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He's the best there is at what he does...but where has he been doing it?
A few caveats:
This chronology is intended to fill in the *blanks* of Wolverine's career, by presenting dozens of seemingly random strings of information in a reasonably coherent series. It goes into comparatively few details about his known adventures with Team X and even fewer details about his activities since joining the X-Men, since in both cases these events have been depicted in some detail elsewhere and are verifiably known to have occurred within a given frame of time (the 1960s and "recent years," respectively). Although this chronology does not cover *every* known fact about Wolverine (It does not, for example, mention that he knows CPR and is a poor gin rummy player), every effort has been made to include all known direct and indirect references to his activities prior to joining the X-Men in Giant-Size X-Men #1.
Some people have arrived at this Chronology through efforts to learn more about Wolverine as seen in the X-Men movie. Please be advised that the Wolverine of the original Marvel Comics joined the X-Men under quite different circumstances than those seen in the movie, whose story differs from the X-Men's established history in many ways; the X-Men from the movie, including Wolverine, are best regarded as "parallel earth versions" of the characters. The movie Wolverine shares many traits with the comic book Wolverine, but we have no way of knowing how closely the two's careers parallel, and extremely little was actually revealed about the movie Wolverine's life. Therefore, some items in this Chronology may contradict information provided in the movie, because they relate to the comic book Wolverine, not the movie Wolverine. Hopefully, fans of the movie Wolverine, whose own history will doubtlessly be revealed in future sequels, will be able to enjoy the Chronology nevertheless.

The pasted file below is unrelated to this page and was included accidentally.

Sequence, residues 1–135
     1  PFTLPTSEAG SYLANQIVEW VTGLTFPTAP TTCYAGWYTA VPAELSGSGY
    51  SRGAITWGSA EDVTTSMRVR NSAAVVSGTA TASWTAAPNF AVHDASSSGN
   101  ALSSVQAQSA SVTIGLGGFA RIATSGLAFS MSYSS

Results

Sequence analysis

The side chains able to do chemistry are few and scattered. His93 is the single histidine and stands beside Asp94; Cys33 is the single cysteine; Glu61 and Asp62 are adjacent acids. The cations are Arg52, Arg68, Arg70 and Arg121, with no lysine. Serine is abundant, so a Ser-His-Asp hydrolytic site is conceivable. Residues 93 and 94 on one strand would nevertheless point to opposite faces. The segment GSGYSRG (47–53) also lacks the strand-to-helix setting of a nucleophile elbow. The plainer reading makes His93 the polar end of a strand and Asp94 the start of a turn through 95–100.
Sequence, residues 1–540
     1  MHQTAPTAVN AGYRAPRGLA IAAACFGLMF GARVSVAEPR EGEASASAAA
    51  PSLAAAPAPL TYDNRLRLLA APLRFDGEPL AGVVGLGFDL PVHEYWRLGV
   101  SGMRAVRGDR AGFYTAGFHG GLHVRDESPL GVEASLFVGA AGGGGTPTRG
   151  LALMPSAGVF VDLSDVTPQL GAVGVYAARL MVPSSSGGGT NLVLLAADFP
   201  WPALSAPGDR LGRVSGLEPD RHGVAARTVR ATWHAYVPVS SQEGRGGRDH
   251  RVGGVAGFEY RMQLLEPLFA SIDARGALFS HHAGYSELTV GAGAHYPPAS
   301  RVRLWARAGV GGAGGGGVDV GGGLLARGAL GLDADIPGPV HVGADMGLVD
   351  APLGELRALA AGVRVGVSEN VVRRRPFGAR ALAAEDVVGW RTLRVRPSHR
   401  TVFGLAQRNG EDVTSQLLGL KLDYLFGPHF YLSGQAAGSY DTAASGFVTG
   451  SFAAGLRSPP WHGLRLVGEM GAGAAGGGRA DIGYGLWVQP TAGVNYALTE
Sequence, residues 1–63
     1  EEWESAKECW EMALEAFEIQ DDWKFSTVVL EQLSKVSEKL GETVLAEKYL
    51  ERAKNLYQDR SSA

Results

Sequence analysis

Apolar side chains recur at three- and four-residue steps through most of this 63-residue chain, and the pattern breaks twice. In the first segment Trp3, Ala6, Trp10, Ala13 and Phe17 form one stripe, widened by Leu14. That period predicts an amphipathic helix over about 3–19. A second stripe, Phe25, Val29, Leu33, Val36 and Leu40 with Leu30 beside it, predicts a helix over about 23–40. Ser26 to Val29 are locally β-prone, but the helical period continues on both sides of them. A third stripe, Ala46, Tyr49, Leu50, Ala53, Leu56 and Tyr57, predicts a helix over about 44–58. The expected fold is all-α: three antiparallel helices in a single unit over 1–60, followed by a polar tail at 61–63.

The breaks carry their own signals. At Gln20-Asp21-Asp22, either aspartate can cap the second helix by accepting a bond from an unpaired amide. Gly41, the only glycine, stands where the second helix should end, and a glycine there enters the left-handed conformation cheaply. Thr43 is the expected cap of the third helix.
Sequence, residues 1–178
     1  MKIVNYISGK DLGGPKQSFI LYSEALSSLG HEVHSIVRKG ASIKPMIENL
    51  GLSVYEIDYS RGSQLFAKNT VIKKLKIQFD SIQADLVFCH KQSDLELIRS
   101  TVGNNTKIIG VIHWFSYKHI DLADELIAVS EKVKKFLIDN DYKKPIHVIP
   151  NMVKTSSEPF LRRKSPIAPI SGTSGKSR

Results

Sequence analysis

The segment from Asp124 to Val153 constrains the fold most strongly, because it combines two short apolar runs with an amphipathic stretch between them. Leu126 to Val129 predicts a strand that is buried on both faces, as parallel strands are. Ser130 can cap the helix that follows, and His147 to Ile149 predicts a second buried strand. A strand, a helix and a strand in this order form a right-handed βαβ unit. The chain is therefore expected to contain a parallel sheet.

Although Wolverine's life can be divided into several rough periods---pre-WW II, WW II, post-WW II, freelance activities, Team X, post-Team X, Department H, X-Men---many references to past events in Wolverine's life are not given any particular timeframe; their placement within this chronology is based upon internal evidence when at all possible, and specifically identified as uncertain when not. The sequence of certain events within a given period is particularly open to debate. Despite more recent implications of Wolverine having no memory of much of his life, little in his early appearances can be said to support such a claim (The only such reference preceding Larry Hama's tenure on Wolverine appears to be in X-Men: Heroes for Hope.), and a rough outline of his activities can actually be established with relative ease: